Morning 11: It Takes a Village with Fully Fenced Parks to Raise a Child

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I don’t think I’d ever make any new mom friends if it weren’t for fully fenced parks. Constant fear of one’s child running into traffic kind of puts a damper on conversation.

But, that was not a problem this morning when I met a couple of other moms at a nearby-fully-fenced park. My boys were both resembled grubby little chimney sweeps by the end of the playdate due to my focus on our conversation, but I made connections with two other moms who are also interested in homeschooling their toddler/preschool aged kids.

Being the unapologetically proud independent American sort, I used to scoff at the old adage “it takes a village to raise a child”, but then I had kids. Not only is it impractical to shun community in favor of independence, but also it’s not in my children’s best interest. Building a community of like-minded moms has helped keep me sane when I need someone to talk to (or just text) during late night feedings , it’s given my sons a friend group that brings them such joy, and most importantly it gives us (the moms) the ability to model what friendship looks like among kids and adults.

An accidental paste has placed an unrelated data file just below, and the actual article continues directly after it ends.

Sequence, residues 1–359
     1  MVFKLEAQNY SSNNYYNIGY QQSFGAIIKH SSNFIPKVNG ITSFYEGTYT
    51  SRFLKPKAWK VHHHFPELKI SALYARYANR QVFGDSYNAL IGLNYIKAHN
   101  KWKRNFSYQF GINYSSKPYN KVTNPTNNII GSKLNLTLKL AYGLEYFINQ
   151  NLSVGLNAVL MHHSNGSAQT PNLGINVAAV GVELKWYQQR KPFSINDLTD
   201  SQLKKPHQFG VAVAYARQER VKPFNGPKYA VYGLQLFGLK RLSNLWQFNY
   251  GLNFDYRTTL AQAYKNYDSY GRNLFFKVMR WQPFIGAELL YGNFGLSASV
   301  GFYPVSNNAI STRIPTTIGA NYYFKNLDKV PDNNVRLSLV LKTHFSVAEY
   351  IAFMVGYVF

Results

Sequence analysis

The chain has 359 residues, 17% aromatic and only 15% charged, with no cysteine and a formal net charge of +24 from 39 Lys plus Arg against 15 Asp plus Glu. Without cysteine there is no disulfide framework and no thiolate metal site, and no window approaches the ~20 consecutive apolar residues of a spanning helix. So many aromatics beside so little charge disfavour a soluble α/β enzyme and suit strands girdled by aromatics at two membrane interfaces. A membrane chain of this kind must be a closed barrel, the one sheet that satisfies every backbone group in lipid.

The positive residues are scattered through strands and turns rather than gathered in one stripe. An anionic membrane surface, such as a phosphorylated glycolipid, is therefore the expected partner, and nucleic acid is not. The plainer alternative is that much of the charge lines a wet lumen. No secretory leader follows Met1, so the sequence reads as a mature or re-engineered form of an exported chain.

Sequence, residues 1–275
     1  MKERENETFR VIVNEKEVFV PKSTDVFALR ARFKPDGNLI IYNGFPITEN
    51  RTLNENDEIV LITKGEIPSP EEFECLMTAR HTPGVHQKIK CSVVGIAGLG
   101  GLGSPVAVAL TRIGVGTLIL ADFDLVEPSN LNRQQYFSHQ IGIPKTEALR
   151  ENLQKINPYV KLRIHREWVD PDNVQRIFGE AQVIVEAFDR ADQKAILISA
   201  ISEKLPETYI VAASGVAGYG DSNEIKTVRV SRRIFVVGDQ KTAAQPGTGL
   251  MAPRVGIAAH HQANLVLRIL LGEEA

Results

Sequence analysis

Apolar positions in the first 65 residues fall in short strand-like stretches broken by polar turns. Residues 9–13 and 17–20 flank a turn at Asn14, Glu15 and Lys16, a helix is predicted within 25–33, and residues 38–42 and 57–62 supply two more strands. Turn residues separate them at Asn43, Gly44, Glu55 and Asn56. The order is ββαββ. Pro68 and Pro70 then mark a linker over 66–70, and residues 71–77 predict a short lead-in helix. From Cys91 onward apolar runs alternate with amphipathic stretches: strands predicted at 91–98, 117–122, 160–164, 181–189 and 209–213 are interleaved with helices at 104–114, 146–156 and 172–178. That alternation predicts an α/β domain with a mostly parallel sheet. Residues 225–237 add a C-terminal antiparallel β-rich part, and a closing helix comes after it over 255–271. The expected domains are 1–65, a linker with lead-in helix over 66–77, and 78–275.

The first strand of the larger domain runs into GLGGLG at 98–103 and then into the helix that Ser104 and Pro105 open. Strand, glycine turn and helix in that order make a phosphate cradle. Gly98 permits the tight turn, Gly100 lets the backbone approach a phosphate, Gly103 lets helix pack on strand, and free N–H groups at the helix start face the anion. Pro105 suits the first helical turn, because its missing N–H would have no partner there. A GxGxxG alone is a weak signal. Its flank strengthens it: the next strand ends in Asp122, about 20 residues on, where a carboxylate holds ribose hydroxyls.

Young children need a village of their peers to learn with and from. They need other kids to learn how to navigate social concepts like fairness, sharing, empathy, and tolerance. As much as I believe in the importance of teaching my children literacy and math at home I also deeply believe that the social and emotional lessons are the most important things they will learn in their early childhoods.

To ensure that my boys have opportunities to socialize I’m enrolling my oldest (3 years old) in a two day a week mother’s day out program this fall, and I’m seeking other families like the ones I met today (in the safety of the fenced park of course) who are interested in creating opportunities for our little ones to learn together. We will still aim for at least an hour a day of structured learning time every day, but I’m excited to find ways to build up our little village of friends through his new school and through many more playdates at the park.

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